A word from the wise

The Nonprofiteer received this note from the soon-to-be-ex-Executive Director of the Guild Complex, a Chicago nonprofit focused on highlighting and diversifying contemporary writing. It’s the strongest possible statement about what one dedicated and capable person can accomplish in nonprofit management–and about when and how it’s time to let go. Thanks to Ellen Placey Wadey for her kind permission to edit and reprint it.

September 10, 2009

I think that we can agree that birthdays are moments of reflection. Mine is tomorrow. . . .

When your birthday is September 11, you can’t help but pause a bit. I turned 40 on that fateful day of the Twin Towers attacks . . . . I realized then that aging is a privilege that not everyone gets. I’ve come to embrace that realization in the time since to mean that every year should count. After wonderful years of success and accomplishment, even after very difficult years–we’ve all had them–a birthday gives you the chance to turn the corner and look to the next bright moment.

So, it felt right for me to announce today–on the eve of my birthday, on the eve of the possibility for the next bright moment–that I will conclude my tenure at the Guild Complex on December 31, 2009 (yet another date for reflection and also my 15th wedding anniversary.)

My transition from the Guild Complex has been in the works for the past year. Personally, I don’t believe an executive director should be in place for more than a decade–particularly for very small organizations. You run the danger of creating too much dependency on one person. A healthy organization, like a healthy person, should not only endure but embrace change. For a small non-profit, the healthiest scenario is that any one person can step away–a director, a key board member–and the organization moves forward with strength because the mission is greater than any one person.

When I look back at what I set out to do at the Guild Complex in comparison to what has been accomplished over these eight years, I’m content that much of the ‘to-do’ list has happened or is in process. Some times it’s hard to see it from the outside–nobody revels in your neatly organized closet but you–but we’ve done a lot at the Guild Complex. We updated our mission, our logo and our website. We made the transition into electronic marketing and audio archiving. We established on-going performance venues that serve important neighborhoods such as Pilsen and Humboldt Park. And we accomplished the two most important things for me on the list. We rethought our programs and launched fresh efforts that not only continue our legacy but are leading edge in the promotion of under-represented poets and writers. I’m particularly proud that Palabra Pura and the Poetry Performance Incubator were inaugurated during my tenure. And, we’ve brought on six amazingly talented, charismatic, smart and energetic new board members. The Guild Complex has always been supported by a close-knit group of people, but I wanted to make sure that we made room at the table for new voices and new ideas and that we continued to make that a priority. With the recruitment and robust involvement of these new board members, we have turned that corner too.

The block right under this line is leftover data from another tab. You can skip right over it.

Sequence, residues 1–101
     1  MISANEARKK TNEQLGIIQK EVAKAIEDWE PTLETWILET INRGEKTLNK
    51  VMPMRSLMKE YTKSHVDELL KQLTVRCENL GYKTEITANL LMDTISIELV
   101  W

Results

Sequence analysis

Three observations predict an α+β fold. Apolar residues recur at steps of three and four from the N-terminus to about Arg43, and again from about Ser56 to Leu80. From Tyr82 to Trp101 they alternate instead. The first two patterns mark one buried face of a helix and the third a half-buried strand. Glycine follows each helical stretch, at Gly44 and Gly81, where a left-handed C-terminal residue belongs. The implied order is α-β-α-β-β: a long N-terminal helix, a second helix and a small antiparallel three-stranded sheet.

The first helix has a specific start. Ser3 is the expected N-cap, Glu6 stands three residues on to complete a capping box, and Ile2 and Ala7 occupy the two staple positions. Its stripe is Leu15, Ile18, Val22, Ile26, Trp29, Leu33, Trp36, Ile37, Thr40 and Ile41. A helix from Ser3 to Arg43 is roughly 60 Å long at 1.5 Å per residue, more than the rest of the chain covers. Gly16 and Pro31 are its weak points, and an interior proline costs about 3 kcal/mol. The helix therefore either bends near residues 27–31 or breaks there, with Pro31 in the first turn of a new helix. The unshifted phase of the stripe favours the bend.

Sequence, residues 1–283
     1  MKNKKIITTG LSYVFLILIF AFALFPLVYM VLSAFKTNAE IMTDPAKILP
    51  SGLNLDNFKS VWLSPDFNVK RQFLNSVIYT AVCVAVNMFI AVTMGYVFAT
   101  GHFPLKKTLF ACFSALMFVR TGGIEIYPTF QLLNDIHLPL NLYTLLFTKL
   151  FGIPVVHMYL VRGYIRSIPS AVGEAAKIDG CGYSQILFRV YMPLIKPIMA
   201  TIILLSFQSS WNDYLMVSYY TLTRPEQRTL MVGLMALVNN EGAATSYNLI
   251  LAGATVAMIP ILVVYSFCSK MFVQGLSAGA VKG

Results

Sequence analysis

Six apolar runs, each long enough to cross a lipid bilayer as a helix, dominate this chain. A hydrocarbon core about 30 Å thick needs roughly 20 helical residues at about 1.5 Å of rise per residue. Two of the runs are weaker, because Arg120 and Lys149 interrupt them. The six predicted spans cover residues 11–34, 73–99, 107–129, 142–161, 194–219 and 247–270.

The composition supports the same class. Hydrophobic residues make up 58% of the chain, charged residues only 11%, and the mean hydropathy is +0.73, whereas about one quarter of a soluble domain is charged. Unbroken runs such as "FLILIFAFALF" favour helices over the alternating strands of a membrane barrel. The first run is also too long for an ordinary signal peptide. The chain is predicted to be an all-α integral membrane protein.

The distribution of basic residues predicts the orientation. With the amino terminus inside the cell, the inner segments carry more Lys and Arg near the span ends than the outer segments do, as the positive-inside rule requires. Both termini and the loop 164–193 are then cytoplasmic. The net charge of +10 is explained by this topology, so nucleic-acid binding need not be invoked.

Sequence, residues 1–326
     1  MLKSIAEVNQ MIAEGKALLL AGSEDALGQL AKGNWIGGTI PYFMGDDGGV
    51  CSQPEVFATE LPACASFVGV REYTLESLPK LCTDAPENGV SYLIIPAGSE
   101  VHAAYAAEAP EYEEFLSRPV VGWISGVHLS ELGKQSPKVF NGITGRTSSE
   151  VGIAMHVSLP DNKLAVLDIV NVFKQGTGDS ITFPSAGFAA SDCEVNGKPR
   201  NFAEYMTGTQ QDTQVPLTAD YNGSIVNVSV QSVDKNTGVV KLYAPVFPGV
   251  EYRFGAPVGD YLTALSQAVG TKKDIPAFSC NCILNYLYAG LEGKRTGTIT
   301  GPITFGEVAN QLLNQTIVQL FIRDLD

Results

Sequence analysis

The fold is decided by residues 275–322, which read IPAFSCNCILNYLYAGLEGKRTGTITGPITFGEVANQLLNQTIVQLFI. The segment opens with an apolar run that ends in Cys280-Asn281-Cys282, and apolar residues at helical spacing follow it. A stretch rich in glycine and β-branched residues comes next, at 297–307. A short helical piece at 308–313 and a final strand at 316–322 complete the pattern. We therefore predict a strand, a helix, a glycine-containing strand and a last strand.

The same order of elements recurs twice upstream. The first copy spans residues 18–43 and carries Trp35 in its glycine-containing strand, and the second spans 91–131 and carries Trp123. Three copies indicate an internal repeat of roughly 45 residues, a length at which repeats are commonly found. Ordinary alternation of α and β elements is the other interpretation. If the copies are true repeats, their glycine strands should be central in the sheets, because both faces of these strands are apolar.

Though I will no longer be executive director, I will always be the Guild Complex’s biggest fan. I was a part of the organization years before my time on staff, and I expect to be a part of it for many years to come. But, my role from 2010 forward will be to cheer from the bleachers and offer my assistance to the new managing director the best that I can–but only when asked. (No new coach likes the old coach looking over their shoulder.)

As for me . . . . I’d like to work with non-profits on a project basis. I’ve developed a breadth of knowledge in my 15+ years working at grassroots, heart-and-moxie-driven organizations, and I would like to continue to contribute to this important sector, especially in the face of upcoming challenges to the arts.

. . . . There are not enough words of appreciation to extend to all those who have supported the Guild Complex and me over these last eight years. Artists have plenty of fire and passion, and they are also a generous bunch through and through. I thank each of you so very much.

. . . . So, here we stand–the Guild Complex and me–leaning over the birthday cake. I feel very honored to have worked at a place that I love so much. These next steps will be exciting, and a little scary, but I trust in the next bright moment.

With all gratitude and affection,
Ellen

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